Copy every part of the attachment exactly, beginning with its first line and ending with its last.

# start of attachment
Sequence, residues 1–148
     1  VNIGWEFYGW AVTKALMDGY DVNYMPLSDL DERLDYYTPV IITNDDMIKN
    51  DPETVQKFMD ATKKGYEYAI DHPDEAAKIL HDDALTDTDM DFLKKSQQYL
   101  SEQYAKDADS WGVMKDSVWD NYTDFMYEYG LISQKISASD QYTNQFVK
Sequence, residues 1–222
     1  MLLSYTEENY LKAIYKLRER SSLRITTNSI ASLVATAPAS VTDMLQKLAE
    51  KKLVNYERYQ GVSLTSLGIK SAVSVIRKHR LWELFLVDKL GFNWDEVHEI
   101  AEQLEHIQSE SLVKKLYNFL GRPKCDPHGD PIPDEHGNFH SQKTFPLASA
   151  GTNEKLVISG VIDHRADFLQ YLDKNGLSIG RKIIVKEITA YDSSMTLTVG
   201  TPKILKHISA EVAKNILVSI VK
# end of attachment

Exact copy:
Sequence, residues 1–148
     1  VNIGWEFYGW AVTKALMDGY DVNYMPLSDL DERLDYYTPV IITNDDMIKN
    51  DPETVQKFMD ATKKGYEYAI DHPDEAAKIL HDDALTDTDM DFLKKSQQYL
   101  SEQYAKDADS WGVMKDSVWD NYTDFMYEYG LISQKISASD QYTNQFVK
Sequence, residues 1–222
     1  MLLSYTEENY LKAIYKLRER SSLRITTNSI ASLVATAPAS VTDMLQKLAE
    51  KKLVNYERYQ GVSLTSLGIK SAVSVIRKHR LWELFLVDKL GFNWDEVHEI
   101  AEQLEHIQSE SLVKKLYNFL GRPKCDPHGD PIPDEHGNFH SQKTFPLASA
   151  GTNEKLVISG VIDHRADFLQ YLDKNGLSIG RKIIVKEITA YDSSMTLTVG
   201  TPKILKHISA EVAKNILVSI VK